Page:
An influential group of biotechnology entrepreneurs, investors, analysts and service providers from both sides of the Tasman attend the Bioshares Biotech Summit last week, a three-day biotech investment conference held every July in Queenstown.
Since 2014, on the opening night of the Summit, there has been an unofficial event called ‘The Peasants’ Dinner’ which is attended by around 100 people. The name of the event derives from the fact that none of the attendees are CEOs, because they are all at an official CEO dinner held as part of the Summit. The Peasants’ Dinner gives the Australian and New Zealand Life Sciences communities a chance to acknowledge some of their rock stars through the annual Red Hat Awards, which represents significant contributions to the growth of the sector by the rank and file. Stuart Roberts ofPitt Street Research, who is chief organiser of The Peasants’ Dinner, sponsored me to attend and I was thrilled to join the list of honoured Peasants. I was Peasant No. 4,259,444’, in honour of the formative years of the biotech industry, when one US patent invented by an obscure academic made billions of dollars of investment possible.
The Bioshares Biotech Summit was of huge value for the New Zealand companies who attended it as it allowed them to engage with the Australian and international biotech sector. What resonated with me is that in New Zealand we have a small number of great companies, built by amazing individuals growing their businesses on the global stage in an environment that lacks coordination. Aroa Biosurgery is a great example of this.
Why Melbourne is out-performing New Zealand
The lack of a biotech strategy in New Zealand is, sadly, glaring obvious. I liken it to a bake-off with Melbourne, as Melbourne’s population is comparable to New Zealand. “This is what I prepared earlier,” says Melbourne as they have produced one of the world’s largest life science clusters, and boast a vibrant biotechnology commercial sector, key R&D infrastructure, and advanced manufacturing expertise, making it a highly sought after destination by global companies.
However, if we look back to 1999, an Australian federal government briefing paper on biotechnology concluded that the sector “hardly rates as an economic force” because of its small size and the financial challenges that it faced in getting products to market.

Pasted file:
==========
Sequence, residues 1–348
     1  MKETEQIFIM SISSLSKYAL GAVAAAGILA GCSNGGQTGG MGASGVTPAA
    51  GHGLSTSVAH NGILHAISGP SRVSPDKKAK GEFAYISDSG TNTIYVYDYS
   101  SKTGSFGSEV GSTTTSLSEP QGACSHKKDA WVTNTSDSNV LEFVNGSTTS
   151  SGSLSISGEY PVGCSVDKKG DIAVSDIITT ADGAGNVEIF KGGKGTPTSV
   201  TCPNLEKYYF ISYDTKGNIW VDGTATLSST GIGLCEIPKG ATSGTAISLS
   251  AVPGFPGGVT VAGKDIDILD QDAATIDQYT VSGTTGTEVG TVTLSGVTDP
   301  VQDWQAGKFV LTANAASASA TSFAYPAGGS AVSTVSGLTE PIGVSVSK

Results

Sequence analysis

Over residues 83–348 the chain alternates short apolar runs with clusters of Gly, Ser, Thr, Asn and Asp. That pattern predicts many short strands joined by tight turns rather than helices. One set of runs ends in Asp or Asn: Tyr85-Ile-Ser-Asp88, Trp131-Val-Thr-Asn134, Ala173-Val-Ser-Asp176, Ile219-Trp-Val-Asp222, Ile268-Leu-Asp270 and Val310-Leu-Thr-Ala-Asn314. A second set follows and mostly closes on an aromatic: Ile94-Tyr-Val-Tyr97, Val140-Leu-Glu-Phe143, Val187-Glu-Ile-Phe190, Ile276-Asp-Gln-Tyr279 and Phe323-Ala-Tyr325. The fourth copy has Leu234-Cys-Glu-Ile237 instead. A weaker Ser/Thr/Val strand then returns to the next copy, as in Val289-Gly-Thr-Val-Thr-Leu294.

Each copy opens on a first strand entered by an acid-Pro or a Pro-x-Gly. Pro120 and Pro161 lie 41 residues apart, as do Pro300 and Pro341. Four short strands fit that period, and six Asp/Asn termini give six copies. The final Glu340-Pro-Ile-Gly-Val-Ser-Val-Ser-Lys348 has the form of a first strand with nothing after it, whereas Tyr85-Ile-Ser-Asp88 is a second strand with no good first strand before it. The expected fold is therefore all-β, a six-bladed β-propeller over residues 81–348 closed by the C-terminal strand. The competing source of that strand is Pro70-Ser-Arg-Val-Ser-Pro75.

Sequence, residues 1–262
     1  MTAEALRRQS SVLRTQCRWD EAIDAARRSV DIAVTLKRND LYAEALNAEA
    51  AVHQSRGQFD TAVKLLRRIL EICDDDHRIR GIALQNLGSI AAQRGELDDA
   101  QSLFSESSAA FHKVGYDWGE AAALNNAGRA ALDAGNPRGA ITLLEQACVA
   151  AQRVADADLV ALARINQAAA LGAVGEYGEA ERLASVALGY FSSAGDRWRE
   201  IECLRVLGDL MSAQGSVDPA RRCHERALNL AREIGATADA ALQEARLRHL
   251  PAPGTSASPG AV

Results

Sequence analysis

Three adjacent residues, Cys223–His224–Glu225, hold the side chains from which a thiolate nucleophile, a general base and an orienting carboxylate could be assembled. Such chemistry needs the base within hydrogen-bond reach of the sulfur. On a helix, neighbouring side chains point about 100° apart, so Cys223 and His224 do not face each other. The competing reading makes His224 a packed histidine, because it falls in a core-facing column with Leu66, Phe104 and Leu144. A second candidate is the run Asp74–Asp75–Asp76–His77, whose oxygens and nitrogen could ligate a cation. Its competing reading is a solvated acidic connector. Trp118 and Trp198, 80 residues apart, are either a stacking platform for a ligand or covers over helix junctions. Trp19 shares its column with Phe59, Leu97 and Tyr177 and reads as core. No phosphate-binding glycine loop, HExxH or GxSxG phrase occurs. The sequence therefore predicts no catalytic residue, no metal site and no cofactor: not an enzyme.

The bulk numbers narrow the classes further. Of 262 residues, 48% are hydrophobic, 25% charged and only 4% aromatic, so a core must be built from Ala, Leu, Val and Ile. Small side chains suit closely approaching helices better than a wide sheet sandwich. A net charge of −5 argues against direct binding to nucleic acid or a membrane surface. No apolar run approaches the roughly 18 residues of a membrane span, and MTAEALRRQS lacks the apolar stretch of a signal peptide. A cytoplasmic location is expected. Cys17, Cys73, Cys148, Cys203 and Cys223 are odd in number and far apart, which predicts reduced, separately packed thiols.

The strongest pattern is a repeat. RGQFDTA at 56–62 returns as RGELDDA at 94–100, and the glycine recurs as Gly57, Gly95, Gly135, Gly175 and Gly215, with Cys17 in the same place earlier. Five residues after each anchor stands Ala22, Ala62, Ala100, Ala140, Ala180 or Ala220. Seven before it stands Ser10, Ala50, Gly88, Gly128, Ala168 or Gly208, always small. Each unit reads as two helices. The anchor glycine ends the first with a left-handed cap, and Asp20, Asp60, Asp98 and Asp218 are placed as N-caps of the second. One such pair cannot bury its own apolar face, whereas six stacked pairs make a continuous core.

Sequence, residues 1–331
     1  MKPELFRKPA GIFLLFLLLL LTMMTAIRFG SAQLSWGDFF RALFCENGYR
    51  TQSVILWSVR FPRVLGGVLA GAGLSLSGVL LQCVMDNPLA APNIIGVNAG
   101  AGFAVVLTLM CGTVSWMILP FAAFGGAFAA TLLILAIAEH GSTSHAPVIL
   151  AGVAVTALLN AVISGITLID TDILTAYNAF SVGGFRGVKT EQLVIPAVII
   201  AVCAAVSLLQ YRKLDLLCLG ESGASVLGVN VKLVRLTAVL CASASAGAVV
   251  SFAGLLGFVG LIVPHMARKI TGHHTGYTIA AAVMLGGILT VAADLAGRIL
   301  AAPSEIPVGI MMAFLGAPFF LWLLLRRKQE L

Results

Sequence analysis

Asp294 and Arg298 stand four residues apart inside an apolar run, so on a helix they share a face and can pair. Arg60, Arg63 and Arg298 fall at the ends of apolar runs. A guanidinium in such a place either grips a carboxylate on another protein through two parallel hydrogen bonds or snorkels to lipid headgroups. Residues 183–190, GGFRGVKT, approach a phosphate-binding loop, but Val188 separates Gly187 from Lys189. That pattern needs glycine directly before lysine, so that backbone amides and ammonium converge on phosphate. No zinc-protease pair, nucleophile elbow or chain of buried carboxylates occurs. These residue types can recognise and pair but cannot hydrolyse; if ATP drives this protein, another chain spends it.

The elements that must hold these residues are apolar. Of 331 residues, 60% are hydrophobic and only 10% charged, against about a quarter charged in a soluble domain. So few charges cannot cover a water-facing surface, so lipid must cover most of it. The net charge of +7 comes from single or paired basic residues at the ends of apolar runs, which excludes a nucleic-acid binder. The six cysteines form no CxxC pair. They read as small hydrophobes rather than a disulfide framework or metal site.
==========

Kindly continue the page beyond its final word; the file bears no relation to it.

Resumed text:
So, what did Melbourne do to achieve this success two decades later? They have a clear Biotechnology Government Strategy that they have been implementing since 2000. In addition to this, their consistent Government funding coupled with substantial tax breaks for companies investing in research and development has played a significant role in the growth of the sector.
Australia is also seen as an emerging global player in agricultural, environmental and industrial biotechnology. This should be New Zealand’s sweet spot. However, Sir Peter Gluckman says New Zealand risks becoming a backwater if it continued to refuse to revisit its laws around genetic modification. Gluckman’s statement came in the same week as Agriculture Minister Damien O’Connor said New Zealand “needs to have a sensible, mature conversation about genetic engineering.”
All the media releases from BIOTechNZ have the same message, that New Zealand urgently needs a biotech strategy and this is because it is critical to the future of the country’s economy. We need a strategy that has a long-term sustainable vision, and to do this, building our R&D capability in New Zealand is key.
Provide feedback on the Government’s draft agritech strategy
For companies and research organisations in the agricultural, environmental and industrial sector, we have an opportunity to voice our views through a series of consultation workshops to provide feedback to the recently released Government strategy document supporting the growth of the New Zealand agritech sector. Please register your interest.
Have a great August and I look forward to hearing from members who have content to share in next month’s newsletter.
NEWS AND EVENTS
An independent survey of over 700 healthcare professionals reveals genuine concern that New Zealand’s health sector would struggle to cope if ‘specialist sign-off’ is required before a GP can prescribe medicinal cannabis.
Help AgResearch understand how digital technologies are being adopted and used within New Zealand’s primary sector by completing this survey.
Provide feedback on the Government’s Agritech strategy at consultation workshops in Auckland, Hamilton, Lincoln and Tauranga.
NZTech is seeking your feedback on improvements to the R&D Tax Incentive.
Attend AusBiotech2019 in Melbourne, 30 October – 1 November.
Register now for the Canterbury Tech Summit happening on 12 September.
If you’re a student interested in connecting with companies in the STEM industry, attend the Chiasma Auckland Synapse 2019 on 14 August.